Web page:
2. Get the external jars into the internal Maven repository

So these external jar files are closed source. So they cannot be published to Central or some other public Maven repository. Never mind. You can get them into your company’s internal Maven repository. There are lots of reasons why your company should be using its own internal Maven repository. The number one reason is that it isolates the company from the failure of external infrastructure.
If a company is managing its Maven use through an internal Maven repository, then the best practice for that company is to ensure that the internal repository is used to resolve all dependencies. That forces the build to break if somebody tries to pull a dependency from a repository that is not being mirrored and cached by the company’s internal repository. The company will typically mandate a settings.xml something like this:


...


your-company
http://repo.your-company.com/
*


...
 

So if that is the case we just have to upload these external jar files into the internal repository and reuse the solution as if the jars were in Maven Central:

    xmlns:xsi="http://www.w3.org/2001/XMLSchema-instance"
xsi:schemaLocation="http://maven.apache.org/POM/4.0.0 http://maven.apache.org/maven-v4_0_0.xsd">
4.0.0
  com.your-company.your-project
your-module
1.0-SNAPSHOT
  

com.external-company.external-project
external-dep1
2.0


org.external-org.external-project
external-dep2
3.7






maven-shade-plugin
1.4


package

shade




com.external-company.external-project:external-dep1
org.external-org.external-project:external-dep2


true






This is by far the best solution for everyone in the Maven ecosystem within your company:

  • Your jar files transitive dependencies are correct
  • Your IDE will put the shaded artifacts on its classpath as they are regular dependencies
  • Those dependencies are available for others to use
  • Assuming you are publishing your project to the internal Maven repository too, then others can do similar tricks or even tricks you have not anticipated without having to heavily hack their own POM files. 
We now enter the realm of solutions that do not involve a Maven repository

4. Use the reactor (and Stephen’s non-maven-jar plugin)

I debated where to place this in the hierarchy, but finally I have settled on putting it here. The main reason is that it keeps closer to the way IDEs should expect Maven to work, but if you find this solution doesn’t work well for you, then the ANT task solution (i.e. the next one) is probably the best for you.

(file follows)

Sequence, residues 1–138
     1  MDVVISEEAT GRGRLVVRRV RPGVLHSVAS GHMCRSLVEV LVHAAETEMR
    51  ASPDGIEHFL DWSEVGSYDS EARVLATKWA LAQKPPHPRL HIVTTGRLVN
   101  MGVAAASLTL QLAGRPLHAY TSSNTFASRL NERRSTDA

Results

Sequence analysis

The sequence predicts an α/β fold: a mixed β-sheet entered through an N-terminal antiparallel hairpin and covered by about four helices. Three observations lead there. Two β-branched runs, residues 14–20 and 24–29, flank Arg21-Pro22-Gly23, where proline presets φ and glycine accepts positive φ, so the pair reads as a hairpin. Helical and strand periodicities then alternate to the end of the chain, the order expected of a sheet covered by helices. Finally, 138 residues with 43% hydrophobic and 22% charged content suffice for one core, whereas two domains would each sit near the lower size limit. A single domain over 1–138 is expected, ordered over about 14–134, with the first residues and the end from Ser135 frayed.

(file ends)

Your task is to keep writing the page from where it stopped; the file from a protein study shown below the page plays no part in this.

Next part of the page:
With this solution we need to split to a multi-module build. We will have a directory structure something like this

external-company/
pom.xml
src/
external-depl1.jar
external-org/
pom.xml
src/
external-dep2.jar
pom.xml
your-project/
pom.xml
src/
... 

The root POM will look something like this:

    xmlns:xsi="http://www.w3.org/2001/XMLSchema-instance"
xsi:schemaLocation="http://maven.apache.org/POM/4.0.0 http://maven.apache.org/maven-v4_0_0.xsd">
  com.your-company.your-project
your-parent
1.0-SNAPSHOT
pom 
  ...

external-company
external-org
your-project

...

...

...

com.github.stephenc.nonmavenjar
non-maven-jar-maven-plugin
1.0
true

...

...


 

The external project POMs will look like

    xmlns:xsi="http://www.w3.org/2001/XMLSchema-instance"
xsi:schemaLocation="http://maven.apache.org/POM/4.0.0 http://maven.apache.org/maven-v4_0_0.xsd">
4.0.0
  
com.your-company.your-project
your-parent
1.0-SNAPSHOT

external-depl
non-maven-jar 
 

and

    xmlns:xsi="http://www.w3.org/2001/XMLSchema-instance"
xsi:schemaLocation="http://maven.apache.org/POM/4.0.0 http://maven.apache.org/maven-v4_0_0.xsd">
  4.0.0

com.your-company.your-project
your-parent
1.0-SNAPSHOT

external-dep2
non-maven-jar 

respectively, and finally the your-project/pom.xml will look quite similar to the solutions from before:

    xmlns:xsi="http://www.w3.org/2001/XMLSchema-instance"
xsi:schemaLocation="http://maven.apache.org/POM/4.0.0 http://maven.apache.org/maven-v4_0_0.xsd">
4.0.0
 com.your-company.your-projectyour-parent1.0-SNAPSHOT
  your-module
  
 com.your-company.your-project
      external-dep1
 1.0-SNAPSHOT
    
 com.your-company.your-project
      external-dep2
 1.0-SNAPSHOT
    





maven-shade-plugin
1.4


package

shade




 com.your-company.your-project:external-dep1com.your-company.your-project:external-dep2
                 

true






Now this solution does not do any good for others in the Maven ecosystem, but it does have some plus points:

  • Not really that different from the other solutions.
  • We have used standard techniques (e.g. maven-shade-plugin and regular dependencies) so somebody looking at the your-company/pom.xml file on its own can quite readily discover what it is doing (assuming they are familiar with the shade plugin)
  • The only bit which looks slightly strange is the true in the parent POM and the
    non-maven-jar in the external-*/pom.xml files.

    Maven users should learn that true is required to define non-standard packaging types, so that makes it fairly obvious which plugin is pulling in the
    non-maven-jar. On top of that those POMs are exceedingly trivial, so there should be next to no learning curve.